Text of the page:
MONTPELIER -- In a sternly worded ruling, Vermont regulators tell the Vermont Yankee nuclear plant they will not overlook the fact that the plant is still operating and generating nuclear waste despite failing to fulfill promises to shut down if it didn't secure new state permits by last spring.
The Public Service Board, in a decision Thursday, essentially rejected a request from plant owner Entergy Corp. to be excused from promises it made to shut down by March 21 if it hadn't secured new permits from the state to operate and produce highly radioactive spent fuel. Entergy wanted the board to modify its orders from 2002 and 2006 that were based on the company promises.
The board warned Vermont Yankee that failure to fulfill the promises would be "relevant considerations" when the board makes a final decision on whether to permit the plant to operate to 2032.
The state has been trying to shut Vermont Yankee down, and is in a legal battle with Entergy that is pending before the 2nd U.S. Circuit court of Appeals in New York. Last year, Vermont Yankee got permission from the U.S. Nuclear Regulatory Commission to operate past its scheduled March 21 license expiration date, for 20 years.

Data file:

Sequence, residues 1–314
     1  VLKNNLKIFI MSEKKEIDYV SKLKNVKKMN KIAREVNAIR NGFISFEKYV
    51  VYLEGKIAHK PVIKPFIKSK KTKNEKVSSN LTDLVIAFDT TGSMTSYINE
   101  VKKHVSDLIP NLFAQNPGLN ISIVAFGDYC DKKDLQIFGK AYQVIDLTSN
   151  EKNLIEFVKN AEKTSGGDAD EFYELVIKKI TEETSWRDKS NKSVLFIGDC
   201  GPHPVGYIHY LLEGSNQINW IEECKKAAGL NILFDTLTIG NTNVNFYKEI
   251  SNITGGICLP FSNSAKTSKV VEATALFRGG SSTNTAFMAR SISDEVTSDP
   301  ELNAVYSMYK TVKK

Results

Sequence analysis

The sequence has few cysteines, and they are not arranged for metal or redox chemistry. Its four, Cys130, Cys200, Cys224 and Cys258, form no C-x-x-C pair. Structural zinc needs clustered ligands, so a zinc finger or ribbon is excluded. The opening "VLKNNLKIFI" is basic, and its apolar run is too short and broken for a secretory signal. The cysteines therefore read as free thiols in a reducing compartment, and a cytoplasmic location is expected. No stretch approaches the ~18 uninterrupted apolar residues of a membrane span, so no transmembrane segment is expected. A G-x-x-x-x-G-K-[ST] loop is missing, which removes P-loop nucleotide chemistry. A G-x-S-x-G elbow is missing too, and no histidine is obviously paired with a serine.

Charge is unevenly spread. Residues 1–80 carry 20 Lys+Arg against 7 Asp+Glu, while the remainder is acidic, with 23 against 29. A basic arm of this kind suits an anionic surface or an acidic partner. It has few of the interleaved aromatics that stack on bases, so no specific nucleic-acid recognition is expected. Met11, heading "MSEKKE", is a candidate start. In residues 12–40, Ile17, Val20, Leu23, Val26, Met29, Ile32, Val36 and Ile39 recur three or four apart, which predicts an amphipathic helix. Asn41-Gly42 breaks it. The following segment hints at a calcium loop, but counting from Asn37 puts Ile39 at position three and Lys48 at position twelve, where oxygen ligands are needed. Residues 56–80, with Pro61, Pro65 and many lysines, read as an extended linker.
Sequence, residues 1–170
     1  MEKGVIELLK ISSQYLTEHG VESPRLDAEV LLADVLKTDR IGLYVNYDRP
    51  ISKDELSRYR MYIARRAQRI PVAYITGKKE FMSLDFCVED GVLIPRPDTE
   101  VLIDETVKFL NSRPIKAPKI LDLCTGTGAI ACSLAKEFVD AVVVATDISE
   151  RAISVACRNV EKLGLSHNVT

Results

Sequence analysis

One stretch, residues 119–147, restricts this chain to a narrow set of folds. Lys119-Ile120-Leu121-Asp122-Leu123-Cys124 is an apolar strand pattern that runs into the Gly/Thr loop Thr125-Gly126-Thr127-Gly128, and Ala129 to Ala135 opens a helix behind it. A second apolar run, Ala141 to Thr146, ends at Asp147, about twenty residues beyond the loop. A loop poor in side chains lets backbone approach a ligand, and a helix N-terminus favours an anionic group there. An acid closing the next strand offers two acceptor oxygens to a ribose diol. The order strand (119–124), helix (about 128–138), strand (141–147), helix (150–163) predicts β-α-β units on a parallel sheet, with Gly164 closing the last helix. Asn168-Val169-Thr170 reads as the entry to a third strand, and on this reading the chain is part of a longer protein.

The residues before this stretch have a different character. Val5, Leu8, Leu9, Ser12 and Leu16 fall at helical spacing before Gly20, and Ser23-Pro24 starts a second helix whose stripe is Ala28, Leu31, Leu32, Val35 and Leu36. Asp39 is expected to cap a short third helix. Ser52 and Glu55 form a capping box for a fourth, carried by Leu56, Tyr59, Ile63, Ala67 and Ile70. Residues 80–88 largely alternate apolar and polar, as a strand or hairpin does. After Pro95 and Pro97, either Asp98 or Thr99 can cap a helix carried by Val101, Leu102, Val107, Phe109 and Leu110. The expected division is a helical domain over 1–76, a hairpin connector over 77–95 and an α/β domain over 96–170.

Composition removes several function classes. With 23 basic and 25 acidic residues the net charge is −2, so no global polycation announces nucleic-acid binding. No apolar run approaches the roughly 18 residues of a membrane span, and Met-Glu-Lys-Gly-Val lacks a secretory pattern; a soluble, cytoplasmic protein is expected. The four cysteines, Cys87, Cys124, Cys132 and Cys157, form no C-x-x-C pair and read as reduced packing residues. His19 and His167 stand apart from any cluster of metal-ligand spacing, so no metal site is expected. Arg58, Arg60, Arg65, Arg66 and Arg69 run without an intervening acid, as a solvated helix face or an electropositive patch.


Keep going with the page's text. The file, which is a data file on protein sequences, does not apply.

Meanwhile, Entergy is trying to get the Public Service Board to grant Vermont Yankee a new state certificate of public good. The New Orleans-based corporation noted Friday that the board denied the company's request to amend its orders. "We had asked for amendments so that our operation would conform to these (state) orders," Entergy said in a statement.
Entergy essentially argued in pleadings to the board that it was Vermont's fault -- meddling by the Legislature and slow action by the board -- that prevented the company from having a new state certificate by March 21.
But the board said much of the delay in resolving Vermont Yankee's future was Entergy's fault. The board said Entergy waited five years before challenging state laws, now being tested in federal court. The company also slowed the process down by making misleading statements in 2009 that it didn't have certain kinds of underground piping at its Vernon reactor, the board said.
"Any hardship Entergy faces is a direct result of choices it made," the board said.
Sandra Levine, a lawyer with the Conservation Law Foundation, which has advocated closing the plant, said in an email: "Entergy's in a very tight box. It cannot prove to the Board that it is a trustworthy operator when it is operating in defiance of the same Board's orders."